Abstract:  "The Fazzan Basin of south-west Libya is at present arid with less than 20 mm of rainfall per annum. However, regionally extensive limestones, lacustrine sands and coquina (fossiliferous carbonate rock) deposits show that the Fazzan Basin previously contained a large palaeolake, indicating that the climate in the past was more humid. Optically stimulated luminescence (OSL) dating techniques have been applied to key lacustrine deposits within the basin in an attempt to provide an internally consistent chronology for this humidity record. Results indicate that palaeolake sediments within the Fazzan Basin record a very long history of palaeohydrological change, ranging from present day arid conditions to humidity capable of sustaining a lake with an approximate area of 76,250 km2. The existence of humid periods in mid oxygen isotope stage 5 and the early Holocene is confirmed. An older lacustrine event, tentatively correlated to oxygen isotope stage 11, is also recognized. In addition, evidence is presented for at least two humid phases beyond the age range over which the conventional OSL dating technique is applicable. This study demonstrates that OSL dating of palaeolake sediments within the Fazzan Basin offers the potential to provide a detailed record of North African humidity spanning several glacial–interglacial cycles."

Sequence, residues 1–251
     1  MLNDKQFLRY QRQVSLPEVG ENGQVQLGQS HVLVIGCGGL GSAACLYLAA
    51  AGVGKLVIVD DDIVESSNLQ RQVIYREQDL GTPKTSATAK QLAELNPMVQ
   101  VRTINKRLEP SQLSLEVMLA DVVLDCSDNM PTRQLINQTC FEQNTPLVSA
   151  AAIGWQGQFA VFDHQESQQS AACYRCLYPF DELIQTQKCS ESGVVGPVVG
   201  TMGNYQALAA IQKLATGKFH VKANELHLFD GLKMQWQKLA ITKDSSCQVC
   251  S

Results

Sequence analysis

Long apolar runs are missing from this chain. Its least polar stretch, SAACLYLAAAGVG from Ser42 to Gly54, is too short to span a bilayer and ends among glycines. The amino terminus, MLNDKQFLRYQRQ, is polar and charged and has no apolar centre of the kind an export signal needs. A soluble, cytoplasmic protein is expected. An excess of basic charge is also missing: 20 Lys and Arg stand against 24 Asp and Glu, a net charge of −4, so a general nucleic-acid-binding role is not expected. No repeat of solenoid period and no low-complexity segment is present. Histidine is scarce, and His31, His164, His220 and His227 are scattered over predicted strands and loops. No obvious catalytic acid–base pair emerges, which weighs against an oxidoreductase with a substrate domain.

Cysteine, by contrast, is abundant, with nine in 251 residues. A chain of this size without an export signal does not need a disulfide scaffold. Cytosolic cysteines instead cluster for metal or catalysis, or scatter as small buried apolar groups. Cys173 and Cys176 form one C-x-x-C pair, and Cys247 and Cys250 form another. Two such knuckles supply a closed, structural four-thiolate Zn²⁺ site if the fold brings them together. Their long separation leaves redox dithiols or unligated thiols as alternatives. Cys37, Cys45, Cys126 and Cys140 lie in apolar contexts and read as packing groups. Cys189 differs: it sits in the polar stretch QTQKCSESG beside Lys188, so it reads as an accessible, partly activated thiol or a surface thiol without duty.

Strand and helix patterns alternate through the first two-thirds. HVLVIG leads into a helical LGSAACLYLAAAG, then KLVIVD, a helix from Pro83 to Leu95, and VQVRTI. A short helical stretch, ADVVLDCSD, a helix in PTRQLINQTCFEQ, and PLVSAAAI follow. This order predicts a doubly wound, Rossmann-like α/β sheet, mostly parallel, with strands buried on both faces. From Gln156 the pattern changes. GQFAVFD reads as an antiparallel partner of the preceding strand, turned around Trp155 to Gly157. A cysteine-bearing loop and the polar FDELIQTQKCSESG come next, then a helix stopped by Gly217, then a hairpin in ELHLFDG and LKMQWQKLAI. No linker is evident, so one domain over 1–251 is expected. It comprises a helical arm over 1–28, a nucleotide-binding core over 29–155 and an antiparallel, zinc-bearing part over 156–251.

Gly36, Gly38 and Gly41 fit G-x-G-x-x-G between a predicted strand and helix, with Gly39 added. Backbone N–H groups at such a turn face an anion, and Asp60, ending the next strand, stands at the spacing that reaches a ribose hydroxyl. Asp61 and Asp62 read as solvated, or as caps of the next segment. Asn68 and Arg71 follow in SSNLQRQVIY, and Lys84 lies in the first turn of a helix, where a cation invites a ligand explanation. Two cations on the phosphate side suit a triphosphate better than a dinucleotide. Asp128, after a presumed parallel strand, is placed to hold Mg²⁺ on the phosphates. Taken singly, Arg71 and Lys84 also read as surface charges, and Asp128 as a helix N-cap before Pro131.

Saharan Megalakes

Saharan Megalakes (link)

Nick Drake, researcher at the University of Kings College, London "is currently concentrating on past human occupation and climate change in the Sahara concentrating on the evidence provided by lacustrine sediments deposited by giant palaeolakes once located in the large closed basins of the Fezzan (Libya), the Chotts (Tunisia) and the Bodele (Chad). This research is coordinated by the Sahara Megalakes Project."

"These Saharan megalakes provide information for furthering our understanding not only of the palaeoclimate of the Sahara but also African biogeography and palaeoanthropology. The Sahara Desert currently provides a formidable barrier to animal and hominid migration from central/southern Africa to Arabia and the Levant. However, there is abundant evidence that on several occasions in the past, creatures which evolved in central/southern Africa were able to populate adjacent landmasses, indicating that this barrier did not always operate in the past. Understanding the long term climatic evolution of the Sahara region is therefore a particularly important question for biogeography and palaeoanthropology. By chance, the catchements of the three megalakes (Lake Megachad, Lake Megafezzan and the Chotts Megalake) link to form a corridor across the Sahara. Thus the palaeolake sediments they preserve can be used to determine whether there was previously a corridor of humidity across the Sahara by looking for evidence of synchronous lacustrine activity in all three basins."

Sunday, October 21, 2012